Why is there so much preoccupation with atmospheric CO2 concentrations and reducing anthropogenic CO2 emissions when it is well documented in the peer-reviewed scientific literature that the CO2 contribution to the overall greenhouse effect is so weak that it can be easily supplanted by small changes in clouds and water vapor, or natural climate-changing constituents?


Thursday, 11 November 2010

10-minute trainer: walk your class along a bar chart of the atmosphere's constituents

The levels of alarm about energy production, and the urging of children to hassle their parents into driving less etc in order to save the polar bears (which happen to be doing very well of late), avoiding temperature rises (which would be beneficial almost everywhere), and reducing CO2 emissions (ditto), and of course reducing the incidence of whatever horsemen of the apocalypse currently appeals to those driven nearly demented by their permanent state of alarm about 'the environment', can all be put into a calmer perspective by constructing a bar chart of atmospheric composition (a stacked barchart, in the jargon) in order to display how little CO2 there is in the air, how little the human contribution is, and how little the difference of even a total cessation in our CO2 production would make.

To make it even more vivid, here is an appealing idea from a poster called 'Wendy', who put this up on a comment thread on Jo Nova's site (comment 64, http://joannenova.com.au/2010/11/mystery-solved-why-the-pr-hacks-exploded-their-credibility/#comments), where I have added some boldening at the end:

'Imagine one kilometre of atmosphere that you want to clean up. For the sake of the discussion, imagine you could walk along it.
The first 770 metres are Nitrogen.
The next 210 metres are Oxygen.
That’s 980 metres of the 1 kilometre. Just 20 metres to go.
The next 10 metres are water vapour. Just 10 metres left to go.
9 metres are argon. 1 metre left out of 1 kilometre.
A few gases make up the first bit of that last metre.
The last 38 centimetres of the kilometre – that’s carbon dioxide.
A bit over one foot.
97% is produced by Mother Nature. It’s natural. It has always been in the atmosphere otherwise plants couldn’t grow.
Out of our journey of one kilometre, there are just 12 millimetres left. About half an inch. Just over a centimetre.
That’s the amount of carbon dioxide that global human activity puts into the atmosphere.
And of those 12 millimetres Australia puts in .18 of a millimetre.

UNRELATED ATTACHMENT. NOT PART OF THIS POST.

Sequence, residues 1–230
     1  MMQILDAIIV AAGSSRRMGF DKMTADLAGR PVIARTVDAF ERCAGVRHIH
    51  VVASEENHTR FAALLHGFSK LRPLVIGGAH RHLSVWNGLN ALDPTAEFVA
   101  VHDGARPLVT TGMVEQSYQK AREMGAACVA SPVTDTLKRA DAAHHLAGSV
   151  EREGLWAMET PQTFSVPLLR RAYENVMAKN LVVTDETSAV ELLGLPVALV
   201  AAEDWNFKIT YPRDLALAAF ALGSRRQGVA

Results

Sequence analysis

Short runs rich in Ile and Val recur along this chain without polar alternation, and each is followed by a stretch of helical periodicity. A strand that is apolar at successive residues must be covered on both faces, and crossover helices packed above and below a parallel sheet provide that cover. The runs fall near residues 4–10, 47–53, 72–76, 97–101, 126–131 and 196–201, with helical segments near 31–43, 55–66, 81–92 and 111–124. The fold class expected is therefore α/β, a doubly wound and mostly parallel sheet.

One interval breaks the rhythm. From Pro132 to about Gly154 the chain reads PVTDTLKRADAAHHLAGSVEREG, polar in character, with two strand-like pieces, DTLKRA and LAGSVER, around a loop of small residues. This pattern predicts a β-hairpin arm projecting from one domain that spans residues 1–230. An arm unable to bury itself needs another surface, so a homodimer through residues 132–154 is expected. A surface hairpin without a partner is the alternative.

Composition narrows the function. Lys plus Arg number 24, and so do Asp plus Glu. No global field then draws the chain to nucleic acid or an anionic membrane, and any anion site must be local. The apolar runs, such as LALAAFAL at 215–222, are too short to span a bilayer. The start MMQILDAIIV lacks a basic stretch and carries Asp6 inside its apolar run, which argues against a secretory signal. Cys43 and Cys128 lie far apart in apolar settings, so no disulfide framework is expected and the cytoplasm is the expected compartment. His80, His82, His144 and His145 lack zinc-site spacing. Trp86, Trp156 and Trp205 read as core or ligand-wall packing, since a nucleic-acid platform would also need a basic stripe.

Less than the thickness of a hair. Out of a kilometre.
So in every kilometre of atmosphere, complete with green-house gases regulating the climate – in every kilometre reflecting back and retaining the sun’s heat on earth, just .18 of one millimetre is contributed by Australia’s carbon dioxide emissions.
Now Julia Gillard’s Great Green Tax, the Emissions Trading Scheme is designed to reduce Australia’s contribution by 5%. That’s what it’s designed to do. Gillard wants to reduce our [point] .18 of one millimetre by 5%.
That’s what all the pain is about.
It is simply madness. It’s not based on science. It’s a tax. Finally, a tax on the air we breathe.'

Now that's clearly referring to Australia,  but it would be easy to customise this for each of our own countries, and thus provide an excellent '10-minute trainer' to have up our sleeves to use when opportunities arise.

Some niggles arise over the specific numbers to use, not least because of the huge variability of water vapour levels.  If I take, for example, the Wikipedia estimates of the composition of the dry atmosphere, and add in their estimated overall average of 0.4% for water vapour by adjusting all the other constituents in proportion to their quantities, and then round the figures again for simplicity, I get the following values:

N2                    778 metres 
O2                    209
Ar                         9
H20 vapour            358 cm
Trace gases             42 cm   (of which CO2 is 39cm)

So, be prepared to define and defend your own computations and assumptions.  The numbers used by Wendy assume 1m for water vapour, and this may be more typical for the troposphere ( the estimates given in the Wikipedia link today: 'Air also contains a variable amount of water vapor, on average around 1%'; elsewhere it states levels vary between 1% and 4% near the surface, with an overall value of 0.4%).  The Wikipedia data is imperfect in other ways too, for example there is an excess of something like 57ppm when you add up all the constituent ppms for the dry atmosphere.  I suspect someone merely bumped up the CO2 component to 390ppm from a value of around 333ppm in an earlier table without bothering to make any other adjustments.

A simpler alternative would be to do the example for the dry atmosphere, thereby sidestepping the troublesome water:
N2                    780.8 metres 
O2                    209.46
Ar                         9.32         (adjusted down by 0.02 by me to allow overall total to be 1000)
Trace gases             42 cm   (of which CO2 is 39cm)

Lest one be accused of trying to downplay CO2 by even a tiny amount, perhaps the best way is to start with the current estimate of the global ppm for CO2, and adjust the rest of the constituent ppms in due proportion to make up the totals for either the dry, or the 'average' atmosphere.  In any event, it doesn't really matter for the impact of this 10-minute trainer - the important thing is to know the assumptions or source of  your arithmetic.

Wikipedia link: http://en.wikipedia.org/wiki/Atmosphere_of_Earth  

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